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Sam Fogg Ltd

The Silver State Howdah of the Maharajah of Ambikaipur
India, Ambikaipur
c. 1860

The Silver State Howdah of the Maharajah of Ambikaipur

Provenance: The Maharajah of Ambikaipur.

Silver, parcel-gilt, wood and velvet, amber, semi-precious stones and glass.
The body is composed of thin sheets of embossed silver pinned with numerous
nails to the wood carcass. Some of the thins strips around the borders are
stamped rather than embossed. The howdah is mounted on two iron bars that
run the length of the body and have iron rings attached to each end, to
which the harness would have been attached
Width 99 cm (39 in), length 150cm (59 in), height 74 cm (29 in). 

This ostentatiously grand howdah is in the form of a small open carriage
divided into two seating compartments. The larger, forward-facing
compartments are designed for two passengers. Both the upper parts of the
front howdah and the backrests are surmounted by neogothic scrollwork and
pinnacles. The exterior of the howdah is of slightly convex profile and are
decorated with marvellously ornate repouss� work with motifs of lions,
mythical beasts and birds whose eyes are strikingly set with amber,
semi-precious stones, jet and glass. The side panels contain hunting scenes
depicting Indian Maharajas shooting animals and birds with muskets. The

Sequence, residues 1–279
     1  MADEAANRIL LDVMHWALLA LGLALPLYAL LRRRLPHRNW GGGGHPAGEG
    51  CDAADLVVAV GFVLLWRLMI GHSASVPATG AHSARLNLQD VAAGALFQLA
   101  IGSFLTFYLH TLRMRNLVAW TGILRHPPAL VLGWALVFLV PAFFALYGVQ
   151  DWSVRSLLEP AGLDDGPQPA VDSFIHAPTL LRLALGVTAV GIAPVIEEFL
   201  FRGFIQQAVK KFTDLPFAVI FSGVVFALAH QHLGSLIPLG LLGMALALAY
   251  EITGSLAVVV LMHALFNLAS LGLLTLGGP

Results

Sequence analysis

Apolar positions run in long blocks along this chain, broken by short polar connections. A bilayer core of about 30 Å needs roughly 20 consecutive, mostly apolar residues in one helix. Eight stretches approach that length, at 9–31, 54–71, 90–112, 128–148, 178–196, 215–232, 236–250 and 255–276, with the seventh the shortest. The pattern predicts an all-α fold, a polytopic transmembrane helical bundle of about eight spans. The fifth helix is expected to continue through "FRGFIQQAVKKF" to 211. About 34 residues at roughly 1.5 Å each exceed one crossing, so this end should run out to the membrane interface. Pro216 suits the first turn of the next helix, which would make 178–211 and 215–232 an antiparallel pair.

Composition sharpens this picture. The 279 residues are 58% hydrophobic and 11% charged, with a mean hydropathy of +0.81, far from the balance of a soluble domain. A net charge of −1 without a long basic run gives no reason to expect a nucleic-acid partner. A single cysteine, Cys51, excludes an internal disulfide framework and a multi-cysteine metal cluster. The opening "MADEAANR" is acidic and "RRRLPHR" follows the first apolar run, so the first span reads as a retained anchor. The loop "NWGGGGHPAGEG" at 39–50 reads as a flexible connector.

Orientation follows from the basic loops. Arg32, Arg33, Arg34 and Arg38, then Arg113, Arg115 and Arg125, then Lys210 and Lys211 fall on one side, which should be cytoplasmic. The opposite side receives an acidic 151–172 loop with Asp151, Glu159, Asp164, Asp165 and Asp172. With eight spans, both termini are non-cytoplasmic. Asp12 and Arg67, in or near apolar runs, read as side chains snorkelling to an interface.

decorative panels at the rear are chased with scrolling vines, ropework and
stylised foliage. The base of the howdah has shaped borders with chased
flowers on a herringbone ground.

This grand silver howdah, which was used on state occasions by the
Maharajahs and Maharenees of Ambikaipur, was designed for two passengers.
The word howdah is an Anglo-Indian term for the seat used for riding an
elephant. Symbols of status in the princely courts, they were ridden in
hunts, battles and on state and ceremonial occasions. 

The profuse detailing of this howdah recalls the opulence manifested in the
princely courts in the period shortly before Queen Victoria was proclaimed
empress of India in 1877. 

The companion howdah (for the Maharenee) is in the Asian Art Museum of San
Francisco, illustrated in Orientations, January 2003, cover. For a slightly
later (c.1880) and less richly decorated howdah, see T.B.Shroder, The
Gilbert Collection of Gold and Silver. Los Angeles County Museum of Art,
1988, p.648-649.

all text, images © Sam Fogg


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